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T-Splines technology Print E-mail

What is the magic underneath the covers that makes T-Splines such a unique and compelling new technology? How does T-Splines overcome limitations that are inherent to existing NURBS and subdivision based modeling approaches? Four key components of the patented T-Splines technology make it all possible:


A non-uniform rational b-spline Surface or NURBS surface is defined by a set of control points which lie, topologically, in a rectangular grid. This means that, in practice, a large percentage of NURBS control points are superfluous in that they contain no significant geometric information, but merely are needed to satisfy the topological constraint.

In the frog model below, 55% of the NURBS control points are superfluous. In contrast, a T-Spline’s control grid is allowed to have partial rows of control points. A partial row of control points terminates in a T-Point, hence the name T-Splines. In the T-Splines frog, the red control points are T-Points.

Frog Frog
NURBS frog (11625 control points) Courtesy Zygote Media T-Splines frog (5035 control points)

Minimizing control points makes it easier to create models, control surface smoothness, decrease file size, and speed up editing time.

Local detail

As a direct result of the ability to create partial rows of control points within a single surface, the user can now create a surface with varying level of detail only where required.

Refinement, the process of adding new control points to a control mesh without changing the surface, is an important basic operation used by designers. A limitation of NURBS is that refinement requires the insertion of an entire row of control points, increasing the density of the mesh across the entire surface. T-Points enable T-Splines to be locally refineable. As shown below, a single control point can be added to a T-Splines control grid.

Above: T-Splines cup, after local refinement, after moving points

Support for local detail in a single surface makes it easier to model complex shapes and create smooth watertight models.

Non-rectangular surfaces with star points

With T-Splines, non-rectangular surfaces can be constructed using star points, also called poles or extraordinary points. This overcomes another fundamental NURBS limitation: In NURBS surface modeling, constructing a complex shape with varying detail, curvature or smoothness requires many individual rectangular patches. Maintaining continuity and smoothness across these patch surfaces is a significant challenge.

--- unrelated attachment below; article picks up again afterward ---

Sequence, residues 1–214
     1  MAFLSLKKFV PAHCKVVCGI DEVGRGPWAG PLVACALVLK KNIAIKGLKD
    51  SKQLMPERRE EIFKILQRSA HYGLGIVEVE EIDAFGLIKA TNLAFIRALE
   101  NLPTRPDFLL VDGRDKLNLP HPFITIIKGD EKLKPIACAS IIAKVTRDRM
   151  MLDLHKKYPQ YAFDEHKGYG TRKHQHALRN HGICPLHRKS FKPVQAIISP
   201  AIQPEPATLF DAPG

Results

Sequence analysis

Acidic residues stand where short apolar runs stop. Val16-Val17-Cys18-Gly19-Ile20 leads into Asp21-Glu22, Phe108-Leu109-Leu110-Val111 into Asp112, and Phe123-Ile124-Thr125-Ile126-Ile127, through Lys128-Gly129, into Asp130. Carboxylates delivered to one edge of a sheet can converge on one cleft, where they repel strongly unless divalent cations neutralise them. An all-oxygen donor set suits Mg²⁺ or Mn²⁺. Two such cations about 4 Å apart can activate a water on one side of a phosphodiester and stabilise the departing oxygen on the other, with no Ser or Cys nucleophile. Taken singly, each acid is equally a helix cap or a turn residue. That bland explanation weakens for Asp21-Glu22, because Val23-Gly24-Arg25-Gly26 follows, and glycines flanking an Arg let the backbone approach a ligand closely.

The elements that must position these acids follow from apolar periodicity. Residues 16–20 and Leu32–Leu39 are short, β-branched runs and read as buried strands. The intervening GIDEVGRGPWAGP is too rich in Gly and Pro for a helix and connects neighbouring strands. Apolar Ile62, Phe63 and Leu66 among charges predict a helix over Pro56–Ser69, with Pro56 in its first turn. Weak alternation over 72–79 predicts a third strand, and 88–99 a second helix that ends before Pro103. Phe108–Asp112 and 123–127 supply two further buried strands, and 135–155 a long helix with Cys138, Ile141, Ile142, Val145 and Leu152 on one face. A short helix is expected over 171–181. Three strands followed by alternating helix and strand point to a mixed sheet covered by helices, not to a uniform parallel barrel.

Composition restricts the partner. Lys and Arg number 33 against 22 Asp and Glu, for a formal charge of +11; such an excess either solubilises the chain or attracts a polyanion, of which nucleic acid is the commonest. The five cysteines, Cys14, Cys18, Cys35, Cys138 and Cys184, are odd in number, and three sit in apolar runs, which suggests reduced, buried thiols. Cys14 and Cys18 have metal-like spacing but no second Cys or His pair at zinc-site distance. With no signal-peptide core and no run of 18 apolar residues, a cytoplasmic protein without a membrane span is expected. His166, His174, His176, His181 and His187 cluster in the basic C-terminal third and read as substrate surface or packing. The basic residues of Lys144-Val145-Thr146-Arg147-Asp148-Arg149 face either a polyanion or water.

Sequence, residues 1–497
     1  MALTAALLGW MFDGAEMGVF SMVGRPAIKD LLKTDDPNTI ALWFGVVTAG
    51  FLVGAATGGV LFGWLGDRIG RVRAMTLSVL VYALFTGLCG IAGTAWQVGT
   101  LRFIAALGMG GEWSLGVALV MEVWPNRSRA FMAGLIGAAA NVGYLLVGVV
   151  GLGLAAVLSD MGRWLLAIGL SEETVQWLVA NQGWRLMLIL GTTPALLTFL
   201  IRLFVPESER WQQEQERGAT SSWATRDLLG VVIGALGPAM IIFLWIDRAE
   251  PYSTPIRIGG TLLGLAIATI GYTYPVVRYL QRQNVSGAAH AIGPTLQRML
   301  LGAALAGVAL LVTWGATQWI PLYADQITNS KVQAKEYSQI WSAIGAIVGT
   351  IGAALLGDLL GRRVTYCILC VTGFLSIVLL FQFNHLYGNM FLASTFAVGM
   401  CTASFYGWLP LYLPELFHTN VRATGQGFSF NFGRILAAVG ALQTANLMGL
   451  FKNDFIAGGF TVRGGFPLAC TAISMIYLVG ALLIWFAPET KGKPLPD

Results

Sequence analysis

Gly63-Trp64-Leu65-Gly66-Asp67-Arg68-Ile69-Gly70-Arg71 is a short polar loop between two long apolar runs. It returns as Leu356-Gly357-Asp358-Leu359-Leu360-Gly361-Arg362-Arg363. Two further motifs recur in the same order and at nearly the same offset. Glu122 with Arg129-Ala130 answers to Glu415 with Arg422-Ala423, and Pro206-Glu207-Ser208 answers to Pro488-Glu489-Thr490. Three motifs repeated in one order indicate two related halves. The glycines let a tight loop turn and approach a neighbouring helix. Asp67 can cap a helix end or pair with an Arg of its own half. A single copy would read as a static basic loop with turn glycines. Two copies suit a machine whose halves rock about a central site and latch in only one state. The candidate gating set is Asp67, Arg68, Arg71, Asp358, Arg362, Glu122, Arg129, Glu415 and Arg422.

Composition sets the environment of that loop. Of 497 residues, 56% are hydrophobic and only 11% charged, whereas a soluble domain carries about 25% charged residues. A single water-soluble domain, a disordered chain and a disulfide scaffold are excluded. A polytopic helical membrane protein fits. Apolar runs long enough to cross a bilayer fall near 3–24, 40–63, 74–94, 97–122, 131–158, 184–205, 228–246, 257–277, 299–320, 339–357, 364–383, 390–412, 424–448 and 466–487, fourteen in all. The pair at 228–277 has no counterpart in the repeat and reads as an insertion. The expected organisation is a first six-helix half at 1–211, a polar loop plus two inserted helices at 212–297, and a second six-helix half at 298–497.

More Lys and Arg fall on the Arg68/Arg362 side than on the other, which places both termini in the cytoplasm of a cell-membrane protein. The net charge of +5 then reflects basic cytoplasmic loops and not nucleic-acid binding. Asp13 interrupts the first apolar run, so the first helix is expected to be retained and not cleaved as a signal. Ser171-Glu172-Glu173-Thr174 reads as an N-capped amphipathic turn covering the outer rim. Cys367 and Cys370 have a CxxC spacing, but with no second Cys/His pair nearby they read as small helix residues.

Above: Creating the watering can model above (left) required many NURBS patches. This same model in T-Splines (right) is a single watertight surface. Courtesy David Quinn and Juan Santocono

Star points also enable modeling techniques such as extrusion, face deletion, and merging of surfaces that greatly increase design freedom for the user. Star points are used today in subdivision surface modeling, which is popular in animation, but T-Splines introduces them to industrial design in a NURBS-compatible format for the first time.

100% compatibility to NURBS

All T-Splines surfaces are 100% compatible with NURBS and create gap-free, smooth and manufacturable surfaces. T-Splines surfaces can be converted to untrimmed NURBS surfaces, and vice-versa, without any loss or change to the surface shape.

T-Splines provides a far more efficient conversion of designs to NURBS than converting directly from subdivision or polygonal modelers. T-Splines bridges gaps between popular polygonal modeling capabilities and traditional NURBS modeling.

Above: Duck toy model converted from polygons to T-Splines to NURBS

T-Splines easily integrates into existing design processes and workflows, with seamless transfer of designs to engineering and manufacturing.

The T-Spline technology addresses some important limitations that are inherent in conventional NURBS surfaces. T-Splines are based on solid mathematical principles. An important practical consideration is that T-Splines are forward and backward compatible with NURBS.
--Dr. Rich Riesenfeld, Founder of B-splines in CAD